Folks in sunny southern California tend to notice when the neighbors get a snazzy new ride. Or some husband-and-wife domestic help. Or a 5-karat anything.
Bentley and Tiffany salesmen plan their kids’ college educations on it. Not just a pervasive mindset of conspicuous consumption but an avid, keeping-up-with-the-Beverly-Hills-Clampetts zeal for stuff.
But keeping up with the Clippers? This could really start to mess with minds at and around Staples Center.
If fans of the Los Angeles Lakers could, in a vacuum, resist the urge to panic over their team’s 0-3 start, fending that off when the other team in the building is unbeaten might be too much to expect. Last season, the Lakers eked out the Pacific Division crown by one game, their 41-25 just atop the Clippers’ 40-26 finish.
Finishing in front of the Clippers has been a virtual birthright – it hasn’t gone the other way since 2005-06 – but here we are with a 2012-13 schedule that’s only five days old and the “other” L.A. team is 2.5 games ahead in the standings.
More than that, the Clippers are averaging 5.7 points more than the Lakers offensively and they’re a staggering 13.5 points better defensively, yielding 93.5 so far to the Lakers’ 106.7. Chris Paul, Blake Griffin and the rest are playing with greater pace (96.4 possessions per 48 minutes to 93.2) and are pestering shooters more successfully (a 46.4 percent opponents’ effective field goal rate).
You can just hear the wailing now. Waaaa! I want that! The way things are going, we wouldn’t be surprised to catch Jack Nicholson giving Vinny Del Negro a come-hither wink.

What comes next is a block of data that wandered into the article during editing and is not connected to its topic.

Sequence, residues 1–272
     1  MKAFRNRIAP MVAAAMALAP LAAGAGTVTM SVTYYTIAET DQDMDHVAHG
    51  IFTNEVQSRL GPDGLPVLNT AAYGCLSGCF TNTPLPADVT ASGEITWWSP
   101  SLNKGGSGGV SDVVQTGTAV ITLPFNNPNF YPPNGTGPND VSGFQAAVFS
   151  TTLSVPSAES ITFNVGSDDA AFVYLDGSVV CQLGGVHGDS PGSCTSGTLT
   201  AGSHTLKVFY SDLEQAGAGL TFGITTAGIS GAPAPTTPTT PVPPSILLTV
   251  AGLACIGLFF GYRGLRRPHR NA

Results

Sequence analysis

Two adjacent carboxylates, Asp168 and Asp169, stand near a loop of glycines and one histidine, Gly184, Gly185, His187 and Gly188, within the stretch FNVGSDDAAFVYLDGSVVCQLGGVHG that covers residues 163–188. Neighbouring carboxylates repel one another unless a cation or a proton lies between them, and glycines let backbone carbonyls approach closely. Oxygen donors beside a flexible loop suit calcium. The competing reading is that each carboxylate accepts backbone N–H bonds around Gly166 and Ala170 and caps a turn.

Generally, the dynamic between the only teams in the NBA that share an arena gets chronicled in rivalry terms. And when it’s put that way, there isn’t much to compare. Beyond an occasional snide remark or an on-court moment – Paul taking offense when Pau Gasol cupped his head, Griffin sending Darius Morris flying to thwart a dunk attempt last season – the Clippers know their place. And the Lakers know they know it.
Lakers coach Mike Brown was being realistic, not smug, when asked about the relationship between the teams Friday, before the current gap between the widened:
He likened the so-called rivalry to when the Cleveland Cavaliers were trying to have a rivalry with the Boston Celtics.
“The tough part was when you would walk into the Boston building, and see I don’t know how many championship [banners],” Brown said. “That’s how you develop a rivalry, when both teams have done it.”
So for now, the rivalry terminology doesn’t fit. But at 0-3 and 2-0, something has to. How ’bout covetry?
Steve Aschburner has written about the NBA since 1980.